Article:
HOW TO PITCH: Ferman Patterson, Producer of Reporter’s Roundtable

Reporter’s Roundtable

Happy New Year everyone! I hope you had  a great holiday season and are gearing up for a great 2009. As promised, Mopwater is back in full effect today, and as such, I’m launching the much-anticipated “How to Pitch” column.  HTP is going to give you the inside track on how to get yourself or your client covered in print, broadcast and web-based media.

Reporters and editors-are you looking to get more exposure for your work in 2009? Ready to put down the pen (okay, keyboard) for a moment and get on-screen?  Maybe you’ve recently seen your reporter colleagues featured as experts on television news programs, so you’re wondering how you could get on television,too.

To help you get your first television interview, I’ve interviewed  Ferman Patterson, Producer of Reporter’s Roundtable, a public affairs program that airs on Mondays, Wednesdays and Fridays at noon on Channel 16 in the District of Columbia. Frequent guests include D.C. Mayor Adrian M. Fenty and Washington Post Reporter Hamil Harris. For those of you who are unfamiliar with the program, here’s a brief synopsis from the DC Office of Cable Television:

Hosted by Denise Rolark Barnes of The Washington Informer, the show tackles the top news items affecting District residents. Viewers will hear issues addressed from every perspective by panelists like Hamil Harris of The Washington Post and Deborah Simmons of The Washington Times. The show takes you beyond the local headlines as these journalists debate what’s in the news and how it will impact DC residents.

I’ve often wondered how reporters/experts get booked on this program as it seems like the guests are pretty much the same whenever I tune in.  According to Patterson, it really depends.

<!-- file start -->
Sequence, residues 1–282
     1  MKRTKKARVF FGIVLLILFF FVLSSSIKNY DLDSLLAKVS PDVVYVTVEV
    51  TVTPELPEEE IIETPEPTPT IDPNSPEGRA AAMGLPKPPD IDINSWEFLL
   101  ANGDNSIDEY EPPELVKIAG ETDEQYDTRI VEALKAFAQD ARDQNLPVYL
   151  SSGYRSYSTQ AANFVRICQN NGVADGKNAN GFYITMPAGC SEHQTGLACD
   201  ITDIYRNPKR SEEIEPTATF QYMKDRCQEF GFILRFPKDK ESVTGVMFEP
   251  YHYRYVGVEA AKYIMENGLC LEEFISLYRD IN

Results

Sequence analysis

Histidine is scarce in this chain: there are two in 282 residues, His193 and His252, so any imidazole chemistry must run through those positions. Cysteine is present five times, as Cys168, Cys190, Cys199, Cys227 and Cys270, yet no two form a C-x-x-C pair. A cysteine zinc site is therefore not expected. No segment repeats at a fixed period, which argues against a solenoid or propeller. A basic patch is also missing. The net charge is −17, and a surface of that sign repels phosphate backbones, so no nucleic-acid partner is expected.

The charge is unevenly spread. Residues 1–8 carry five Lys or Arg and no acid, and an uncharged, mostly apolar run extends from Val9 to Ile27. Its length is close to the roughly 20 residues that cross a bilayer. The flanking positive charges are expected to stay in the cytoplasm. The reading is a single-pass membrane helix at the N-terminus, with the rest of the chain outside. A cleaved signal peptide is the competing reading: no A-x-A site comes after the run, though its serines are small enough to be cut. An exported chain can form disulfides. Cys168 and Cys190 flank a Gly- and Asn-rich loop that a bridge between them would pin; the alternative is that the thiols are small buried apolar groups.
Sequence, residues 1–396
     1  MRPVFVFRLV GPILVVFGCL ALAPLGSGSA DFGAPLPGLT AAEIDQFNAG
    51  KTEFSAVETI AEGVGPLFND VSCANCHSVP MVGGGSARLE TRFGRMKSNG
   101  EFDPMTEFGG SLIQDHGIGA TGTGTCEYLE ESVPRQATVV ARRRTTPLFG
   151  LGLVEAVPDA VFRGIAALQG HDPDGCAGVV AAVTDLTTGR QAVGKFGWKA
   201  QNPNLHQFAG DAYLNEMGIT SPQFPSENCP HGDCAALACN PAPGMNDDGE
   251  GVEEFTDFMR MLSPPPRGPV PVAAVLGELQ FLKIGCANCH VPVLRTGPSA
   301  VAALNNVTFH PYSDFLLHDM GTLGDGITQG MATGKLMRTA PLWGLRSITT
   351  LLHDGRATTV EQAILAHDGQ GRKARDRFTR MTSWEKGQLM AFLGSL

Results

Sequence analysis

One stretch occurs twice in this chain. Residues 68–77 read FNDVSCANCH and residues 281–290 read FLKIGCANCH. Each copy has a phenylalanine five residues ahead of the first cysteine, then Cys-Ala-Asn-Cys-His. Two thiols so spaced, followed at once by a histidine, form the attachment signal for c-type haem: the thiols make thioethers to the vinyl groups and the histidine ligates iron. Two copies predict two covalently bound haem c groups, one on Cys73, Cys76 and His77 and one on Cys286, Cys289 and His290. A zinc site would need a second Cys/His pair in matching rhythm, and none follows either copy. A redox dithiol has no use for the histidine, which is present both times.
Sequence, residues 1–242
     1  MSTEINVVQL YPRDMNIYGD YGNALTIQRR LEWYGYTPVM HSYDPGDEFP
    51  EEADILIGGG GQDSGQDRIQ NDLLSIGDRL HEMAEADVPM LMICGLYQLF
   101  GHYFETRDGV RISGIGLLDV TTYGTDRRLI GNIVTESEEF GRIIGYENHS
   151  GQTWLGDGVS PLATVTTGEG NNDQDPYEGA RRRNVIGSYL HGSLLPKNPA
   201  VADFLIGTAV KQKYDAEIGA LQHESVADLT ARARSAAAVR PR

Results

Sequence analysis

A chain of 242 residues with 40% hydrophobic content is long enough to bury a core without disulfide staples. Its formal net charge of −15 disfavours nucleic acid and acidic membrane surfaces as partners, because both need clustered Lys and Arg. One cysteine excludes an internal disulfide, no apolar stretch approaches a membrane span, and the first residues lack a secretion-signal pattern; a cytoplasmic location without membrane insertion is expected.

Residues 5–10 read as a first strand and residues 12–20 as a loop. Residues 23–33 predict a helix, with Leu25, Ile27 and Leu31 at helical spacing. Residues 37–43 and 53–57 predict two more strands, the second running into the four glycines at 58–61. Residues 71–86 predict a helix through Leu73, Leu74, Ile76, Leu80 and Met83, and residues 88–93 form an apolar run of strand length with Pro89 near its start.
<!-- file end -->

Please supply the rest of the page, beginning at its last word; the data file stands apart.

“Sometimes we get leads from reporters or we see a reporter on air and [invite them on],” he says. “Who we choose is based on topic or subject matter.” Recently archived episodes include the same-sex marriage debate, the green revolution and Wall Street vs. Main Street.

Patterson says that RR has a small group of regular reporters that appear on the program often, but he’s open to booking new voices in 2009.  “We’re interested in reporters in print, radio and even bloggers,” he says.

RR is taped once a month, so the month’s programs are generally taped on a single day. Shows are 30 minutes long, but you’ll need to allow for about 15 minutes beforehand for make-up and preliminaries, and 15 minutes after as well. Although the show airs on the local Washington, DC Channel 16, Ferman welcomes both national and local journalists.

To be considered for the show, send Ferman an email stating your specialty and your availability, and he’ll keep your stuff on file should you fit into a future segment.  E-mail your press kit/resume/bio/clips or whatever other promotional material you have  to and tell him Mopwater sent you. Happy pitching!

Next Week: How To Pitch The Root.

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